~ by Robert P. Driscoll, M.D., FACS
Chief of Trauma and Acute Care Surgery
South Shore Hospital
One of the most stressful experiences a patient and their family may face is the need for emergency surgery. By definition, it is a crisis situation that has developed unexpectedly and often at the most inconvenient time. Even for the most forward thinking patient, all of the rehearsed dialogue developed in the anticipation of elective surgery is forgotten or omitted. However, because surgical emergencies have some predictability across a lifetime, it is possible to develop an organized and calm approach to these situations.
The American College of Surgeons and the Massachusetts Medical Society also serve as valuable information resources (www.facs.org and www.mms.org). You may be confronted with a surgical emergency when you are away, but most emergencies will develop while you are close to home. You should be familiar with the resources and capabilities of your local community hospital. As a minimal standard, hospitals should be JCAHO accredited and the surgeons on staff should be Board Certified. Hospitals maintain a coverage roster to handle surgical emergencies and surgeons must be credentialed and reviewed in order to perform the procedures. The best place to obtain information on a hospital would be the hospital’s website.
At South Shore Hospital we have developed a specific and comprehensive program in response to our community’s predictable need for emergency surgical services. As a state designated Trauma Center, we have an in-house Trauma and Acute Care Surgical team that will immediately respond to these problems 24/7. The program requires a rigorous credentialing process that assures outstanding care. This is a very valuable asset to the patients in our community. We will review the most common surgical emergencies.
The most common surgical emergency, appendicitis can occur within any age group. Symptoms usually begin as vague mid abdominal pain that is progressive. This pain often migrates to the right lower abdomen and is made worse with movement. It is associated with fever and loss of appetite. The symptom complex usually evolves over 24 to 36 hours. The diagnosis can be made on physical exam only, but often blood test and CT scan imaging are used to confirm the diagnosis. The treatment is surgical removal of the appendix. The operation is usually performed within several hours of diagnosis and often accomplished laparoscopically. For uncomplicated cases, hospital stay is one to two days with return to work or school in one week.
Acute inflammation of the gallbladder is the second most common emergency. Pain may be sudden or insidious in onset and occurs when a gallstone blocks the gallbladder from emptying. This problem is seen mostly in adults. Patients may have one or two antecedent episodes before the more serious one. Pain is crampy or constant and localized to the mid upper or right upper abdomen. Sometimes there is migration to the right upper back. There may be associated fever but pain is usually not made worse with movement. Symptoms usually progress over a one to a two day period. The diagnosis is suspected on physical exam and confirmed with blood testing and ultrasonography. The treatment is surgical removal of the gallbladder, usually performed laparoscopically and within 24 hours of diagnosis. Hospital stay is one to two days, with return to work in one week if uncomplicated.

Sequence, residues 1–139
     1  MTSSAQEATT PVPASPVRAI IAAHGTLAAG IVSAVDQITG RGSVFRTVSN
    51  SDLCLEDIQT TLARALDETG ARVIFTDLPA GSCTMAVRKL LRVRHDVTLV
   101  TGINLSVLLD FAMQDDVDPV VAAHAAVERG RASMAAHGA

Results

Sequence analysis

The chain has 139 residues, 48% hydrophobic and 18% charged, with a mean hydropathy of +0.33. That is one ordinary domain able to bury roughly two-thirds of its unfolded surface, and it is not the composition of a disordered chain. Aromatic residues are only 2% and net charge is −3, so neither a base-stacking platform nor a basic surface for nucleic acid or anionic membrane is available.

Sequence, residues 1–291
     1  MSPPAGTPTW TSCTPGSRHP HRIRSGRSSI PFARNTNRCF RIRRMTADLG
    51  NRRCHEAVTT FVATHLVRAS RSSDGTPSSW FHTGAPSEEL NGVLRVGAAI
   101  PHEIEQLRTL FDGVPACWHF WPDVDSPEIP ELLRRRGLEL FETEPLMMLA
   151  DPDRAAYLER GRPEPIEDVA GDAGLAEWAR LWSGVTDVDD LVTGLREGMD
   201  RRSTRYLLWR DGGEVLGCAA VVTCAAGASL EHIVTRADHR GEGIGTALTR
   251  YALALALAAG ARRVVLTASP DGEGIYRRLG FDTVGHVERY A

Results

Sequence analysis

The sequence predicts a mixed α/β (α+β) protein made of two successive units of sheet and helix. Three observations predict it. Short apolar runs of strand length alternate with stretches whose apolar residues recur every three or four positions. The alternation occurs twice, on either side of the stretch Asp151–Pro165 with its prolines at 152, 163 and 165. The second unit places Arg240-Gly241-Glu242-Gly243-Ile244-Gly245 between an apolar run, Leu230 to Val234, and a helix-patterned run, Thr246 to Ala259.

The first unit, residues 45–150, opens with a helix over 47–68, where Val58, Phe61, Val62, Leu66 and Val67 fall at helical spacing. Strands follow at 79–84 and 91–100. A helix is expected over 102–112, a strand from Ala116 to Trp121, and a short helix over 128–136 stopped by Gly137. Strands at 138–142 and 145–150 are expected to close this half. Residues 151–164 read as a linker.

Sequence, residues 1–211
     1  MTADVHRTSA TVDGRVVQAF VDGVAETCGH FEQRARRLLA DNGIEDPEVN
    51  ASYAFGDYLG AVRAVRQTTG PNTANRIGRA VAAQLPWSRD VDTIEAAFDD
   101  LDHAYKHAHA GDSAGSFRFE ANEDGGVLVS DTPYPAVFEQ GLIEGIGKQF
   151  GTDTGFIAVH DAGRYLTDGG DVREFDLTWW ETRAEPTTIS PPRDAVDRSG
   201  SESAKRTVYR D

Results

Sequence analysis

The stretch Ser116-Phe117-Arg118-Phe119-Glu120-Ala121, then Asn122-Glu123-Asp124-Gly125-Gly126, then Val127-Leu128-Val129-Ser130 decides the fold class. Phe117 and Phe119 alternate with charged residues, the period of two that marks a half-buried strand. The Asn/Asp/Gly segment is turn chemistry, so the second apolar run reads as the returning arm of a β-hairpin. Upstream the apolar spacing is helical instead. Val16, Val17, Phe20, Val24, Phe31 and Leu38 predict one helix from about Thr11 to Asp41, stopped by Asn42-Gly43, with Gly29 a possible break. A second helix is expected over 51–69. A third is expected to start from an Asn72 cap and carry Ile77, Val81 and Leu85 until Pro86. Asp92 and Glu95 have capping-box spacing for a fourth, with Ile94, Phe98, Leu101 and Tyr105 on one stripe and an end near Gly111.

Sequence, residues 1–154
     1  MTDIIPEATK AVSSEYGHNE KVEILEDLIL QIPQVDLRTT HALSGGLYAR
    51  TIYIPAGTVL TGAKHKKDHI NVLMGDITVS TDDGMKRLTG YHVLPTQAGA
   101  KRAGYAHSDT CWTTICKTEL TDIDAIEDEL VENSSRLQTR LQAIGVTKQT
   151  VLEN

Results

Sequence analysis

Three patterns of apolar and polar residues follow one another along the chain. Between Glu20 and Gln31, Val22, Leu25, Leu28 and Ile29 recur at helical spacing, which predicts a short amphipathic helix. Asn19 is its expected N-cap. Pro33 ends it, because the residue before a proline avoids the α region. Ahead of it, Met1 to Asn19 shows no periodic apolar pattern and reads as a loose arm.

This is the third most common surgical emergency, but not all patients require immediate operation. Although occasionally encountered in patients in their late 20’s, this is largely a disease of older adults. It is also insidious in onset and is characterized by pain in the lower abdomen. Pain is constant and sharp and made worse with movement. It progresses over several days and is associated with low-grade fever, anorexia, and change in bowel function. Diagnosis is confirmed with blood testing and CT scan imaging. Initial treatment is usually antibiotics, which can be given in pill form and administered outside the hospital. For more severe cases, hospitalization and intravenous antibiotics are necessary. Surgery is reserved for the most severe cases or following multiple recurrent episodes. Operative treatment involves removing the affected portion of the large intestine and often a colostomy or ileostomy is required (bag). Hospitalization is longer, usually one week, with return to work in four weeks.
SMALL BOWEL OBSTRUCTION
This is another frequently encountered problem. It is seen largely in adults. Abdominal pain, crampy in nature and associated with nausea and vomiting is typically noted. There may be no bowel movement for one to two days and the abdomen is often distended. Surgery is often required if the blockage is complete or there are signs of compromised blood flow to the intestine. The cause is often scar tissue from previous surgery, but patients may also have an incarcerated hernia or malignancy. Recovery in the hospital is usually one week.
As with elective surgery, emergency surgical patients should not be afraid to ask their surgeon about their professional experience and credentials. In addition, your surgeon should make clear the indications for surgery and expected natural history of the problem if surgery is not performed. You should also discuss the expected outcome of the operation, and complications of the procedure. You should inquire about the length and location of recovery. This will help establish a trusting relationship between you and your surgeon. For you and your family, this is an important experience. We understand this and are fully committed to see you through the crisis.